February’s here. And for the shortest month of the year, there’s plenty going on. There’s the Super Bowl, Groundhog Day, Mardi Gras and Presidents’ Day. But everyone knows Valentine’s Day is the most important day of the month.
It’s the day people either love, or love to hate.
When I think of Valentine’s Day, I think back to third grade. My teacher would force us to create cards for everyone in our class, make little mailboxes and walk around the class delivering the cards we’d made. I didn’t realize it at the time, but Valentine’s Day was also the first time I participated in a survey.
As I walked around making special deliveries, my friend Brittany handed me a piece of wide-ruled notebook paper with one scribbled question:
Do you like Evan?
I checked “No,” and gave it back to her. Weeks later, Evan started “dating” Emily. I was heartbroken.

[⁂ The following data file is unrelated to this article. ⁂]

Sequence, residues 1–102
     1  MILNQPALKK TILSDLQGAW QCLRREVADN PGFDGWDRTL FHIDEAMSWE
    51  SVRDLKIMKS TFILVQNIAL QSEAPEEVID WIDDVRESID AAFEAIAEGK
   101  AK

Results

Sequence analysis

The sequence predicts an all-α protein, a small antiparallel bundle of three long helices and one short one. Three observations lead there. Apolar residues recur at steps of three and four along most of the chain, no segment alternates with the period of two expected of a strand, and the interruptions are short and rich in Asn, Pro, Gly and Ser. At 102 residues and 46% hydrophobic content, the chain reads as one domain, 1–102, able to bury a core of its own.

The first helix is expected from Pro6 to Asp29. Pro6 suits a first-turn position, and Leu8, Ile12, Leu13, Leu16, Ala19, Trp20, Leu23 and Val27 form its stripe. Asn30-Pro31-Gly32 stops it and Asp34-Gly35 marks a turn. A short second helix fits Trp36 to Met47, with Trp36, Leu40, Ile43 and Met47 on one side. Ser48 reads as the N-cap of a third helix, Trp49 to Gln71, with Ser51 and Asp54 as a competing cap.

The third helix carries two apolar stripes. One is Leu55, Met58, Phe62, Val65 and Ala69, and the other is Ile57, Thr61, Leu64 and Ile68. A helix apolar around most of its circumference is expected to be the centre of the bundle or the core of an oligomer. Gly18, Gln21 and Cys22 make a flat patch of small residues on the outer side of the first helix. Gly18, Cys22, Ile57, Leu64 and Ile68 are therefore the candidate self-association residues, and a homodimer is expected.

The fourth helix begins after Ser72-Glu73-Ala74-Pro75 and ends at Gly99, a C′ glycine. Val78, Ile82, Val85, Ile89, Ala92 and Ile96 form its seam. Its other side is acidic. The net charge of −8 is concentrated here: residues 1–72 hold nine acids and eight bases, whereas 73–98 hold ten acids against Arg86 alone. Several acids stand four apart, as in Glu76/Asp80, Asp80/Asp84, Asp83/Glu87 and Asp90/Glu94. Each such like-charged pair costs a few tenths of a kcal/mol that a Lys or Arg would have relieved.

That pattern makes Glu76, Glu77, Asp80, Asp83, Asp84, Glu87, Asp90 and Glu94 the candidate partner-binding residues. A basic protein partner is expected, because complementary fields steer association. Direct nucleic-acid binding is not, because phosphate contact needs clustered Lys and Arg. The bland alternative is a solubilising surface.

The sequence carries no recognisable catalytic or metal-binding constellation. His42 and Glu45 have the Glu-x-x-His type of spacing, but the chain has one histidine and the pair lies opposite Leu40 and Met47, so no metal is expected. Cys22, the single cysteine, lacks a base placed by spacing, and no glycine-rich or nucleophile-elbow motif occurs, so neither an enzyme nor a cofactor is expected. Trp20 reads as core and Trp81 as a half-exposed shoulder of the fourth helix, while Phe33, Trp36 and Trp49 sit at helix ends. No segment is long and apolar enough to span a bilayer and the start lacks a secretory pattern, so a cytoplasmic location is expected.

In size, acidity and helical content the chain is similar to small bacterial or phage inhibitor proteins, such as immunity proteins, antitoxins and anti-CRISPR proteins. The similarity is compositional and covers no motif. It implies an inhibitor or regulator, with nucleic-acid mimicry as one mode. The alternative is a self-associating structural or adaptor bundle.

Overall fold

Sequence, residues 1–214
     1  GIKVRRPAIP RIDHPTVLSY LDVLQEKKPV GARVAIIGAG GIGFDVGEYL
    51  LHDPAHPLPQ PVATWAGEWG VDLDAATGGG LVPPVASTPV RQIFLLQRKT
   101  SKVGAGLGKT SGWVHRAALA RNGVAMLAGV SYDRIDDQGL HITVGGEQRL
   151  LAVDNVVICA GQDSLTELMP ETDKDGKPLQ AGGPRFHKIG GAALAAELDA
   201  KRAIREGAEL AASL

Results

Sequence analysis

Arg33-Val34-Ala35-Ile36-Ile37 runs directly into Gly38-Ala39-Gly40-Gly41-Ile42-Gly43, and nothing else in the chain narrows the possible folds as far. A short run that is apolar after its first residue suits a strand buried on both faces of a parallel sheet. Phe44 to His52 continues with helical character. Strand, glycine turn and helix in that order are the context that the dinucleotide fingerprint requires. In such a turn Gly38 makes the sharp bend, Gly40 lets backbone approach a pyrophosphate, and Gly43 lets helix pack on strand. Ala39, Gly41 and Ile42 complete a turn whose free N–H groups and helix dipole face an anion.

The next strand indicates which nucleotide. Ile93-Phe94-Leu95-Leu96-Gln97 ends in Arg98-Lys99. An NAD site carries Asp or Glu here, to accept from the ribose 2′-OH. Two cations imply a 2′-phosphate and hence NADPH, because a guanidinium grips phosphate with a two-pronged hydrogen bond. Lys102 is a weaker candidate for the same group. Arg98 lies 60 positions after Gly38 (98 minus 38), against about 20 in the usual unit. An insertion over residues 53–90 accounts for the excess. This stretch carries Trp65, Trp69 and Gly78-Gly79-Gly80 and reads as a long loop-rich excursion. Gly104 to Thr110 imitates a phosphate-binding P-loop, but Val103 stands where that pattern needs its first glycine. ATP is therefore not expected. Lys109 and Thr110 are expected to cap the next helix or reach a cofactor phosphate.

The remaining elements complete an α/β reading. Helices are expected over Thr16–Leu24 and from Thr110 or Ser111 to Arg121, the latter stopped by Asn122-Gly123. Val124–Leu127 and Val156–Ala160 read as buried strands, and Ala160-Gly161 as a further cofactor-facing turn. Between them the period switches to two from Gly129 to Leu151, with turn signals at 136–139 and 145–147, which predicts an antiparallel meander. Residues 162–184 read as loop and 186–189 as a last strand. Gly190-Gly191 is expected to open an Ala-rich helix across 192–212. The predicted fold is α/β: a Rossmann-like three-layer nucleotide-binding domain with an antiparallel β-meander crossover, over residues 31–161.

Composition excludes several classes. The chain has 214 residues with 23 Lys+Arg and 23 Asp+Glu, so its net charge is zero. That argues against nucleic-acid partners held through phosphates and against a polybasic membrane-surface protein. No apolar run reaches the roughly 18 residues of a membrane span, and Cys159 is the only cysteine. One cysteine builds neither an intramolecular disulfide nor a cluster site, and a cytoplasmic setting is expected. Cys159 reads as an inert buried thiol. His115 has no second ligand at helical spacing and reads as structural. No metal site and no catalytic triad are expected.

If I were to design that survey today, I would use one of my favorite features, Question Display Logic. That way, when I selected “No,” a text box would appear allowing me to explain why — that my other friend Sara already called dibs on Evan, and I was bound by the code of friendship, despite my true feelings. Remember, I was in third grade.
Surveys don’t have to be long and complicated. But if you’re asking Rating or Yes/No questions, it’s a good idea to allow respondents to explain their answers further. Understanding the reasoning and context of certain answers paints a more complete picture of the respondent — giving survey creators and takers some needed nuance.
Because sometimes it is complicated.